Financial and Banking News
Two Banks In The U.S. Collapsed Due To DefaultFinancial authorities in Washington spent last week securing a rescue deal for two insolvent mortgage lenders in Nevada and California amid the latest signs that America's banking crisis is deepening.
The collapse of the two banks - which had combined assets of about $3.6 billion - came as a senior financial regulator told us that there was no end in sight for the crisis gripping the banking industry.
On Friday, Washington announced that it had forced the closure of First National Bank of Nevada and First Heritage Bank in California after they had found the first lender to have engaged in unsafe and unsound lending practices that had depleted its capital, and the second to be generally undercapitalised.
The closure of the banks comes within two weeks of the collapse of IndyMac, a big Californian mortgage lender, and raises new concerns that many more banks may be at serious risk of failure as America's financial crisis worsens.
Wall Street has been monitoring nervously the problem-list of banks that are under close scrutiny by the Federal Deposit Insurance Corporation (FDIC), the Washington agency that insures banking deposits. That list has grown to include 90 banks over the first quarter of this year, compared with 76 in the last quarter of 2007.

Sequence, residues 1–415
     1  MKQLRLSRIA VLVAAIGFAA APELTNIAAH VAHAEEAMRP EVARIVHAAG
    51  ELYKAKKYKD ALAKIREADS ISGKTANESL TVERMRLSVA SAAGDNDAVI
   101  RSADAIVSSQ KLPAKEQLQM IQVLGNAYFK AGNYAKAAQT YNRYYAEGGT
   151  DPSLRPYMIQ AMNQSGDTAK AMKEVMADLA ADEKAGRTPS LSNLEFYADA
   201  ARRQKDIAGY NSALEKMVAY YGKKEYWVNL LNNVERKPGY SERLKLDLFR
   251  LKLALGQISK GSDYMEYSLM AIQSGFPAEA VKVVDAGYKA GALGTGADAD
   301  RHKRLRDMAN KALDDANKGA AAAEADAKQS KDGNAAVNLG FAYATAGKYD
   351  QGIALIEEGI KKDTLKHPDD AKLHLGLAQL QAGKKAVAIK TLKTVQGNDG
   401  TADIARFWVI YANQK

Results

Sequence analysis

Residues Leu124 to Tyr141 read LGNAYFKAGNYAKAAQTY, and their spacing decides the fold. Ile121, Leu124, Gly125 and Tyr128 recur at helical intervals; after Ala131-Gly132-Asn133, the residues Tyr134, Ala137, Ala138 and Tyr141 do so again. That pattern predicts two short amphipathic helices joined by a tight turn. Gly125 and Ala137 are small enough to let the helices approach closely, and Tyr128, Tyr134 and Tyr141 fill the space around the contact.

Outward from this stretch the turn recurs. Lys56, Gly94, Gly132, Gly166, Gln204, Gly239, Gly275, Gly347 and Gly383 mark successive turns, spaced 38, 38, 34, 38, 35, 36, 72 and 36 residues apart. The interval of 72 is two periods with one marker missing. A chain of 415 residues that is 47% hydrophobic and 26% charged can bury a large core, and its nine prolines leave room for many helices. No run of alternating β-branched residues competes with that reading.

A division of the US Treasury took over the two banks last week and sold the bulk of their businesses on to Mutual of Omaha Bank. However, while the Omaha Bank acquired all the deposits from both banks, the FDIC - effectively Washington's receiver - has been forced to pick up the remaining $860 million of troubled assets.
First National had total assets of $3.4 billion and $3 billion in deposits, while First Heritage had assets of $254 million and $233 million in deposits. Under the terms of the deal with the Mutual of Omaha, customers from both banks will automatically become clients of the new owner today, with no risk of loss of savings or banking facilities.
Customers of the two bust banks were also able to withdraw cash from ATMs at the weekend and to write cheques. There were no scenes of panic outside any of the 28 branches of either bank over the weekend, unlike the queues of customers who lined up outside IndyMac offices a fortnight ago. Both banks operated in states that have borne the brunt of the American housing slump.
The failure to raise capital led to the collapse of Silicon Valley Bank
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Date: 29.07.2008 
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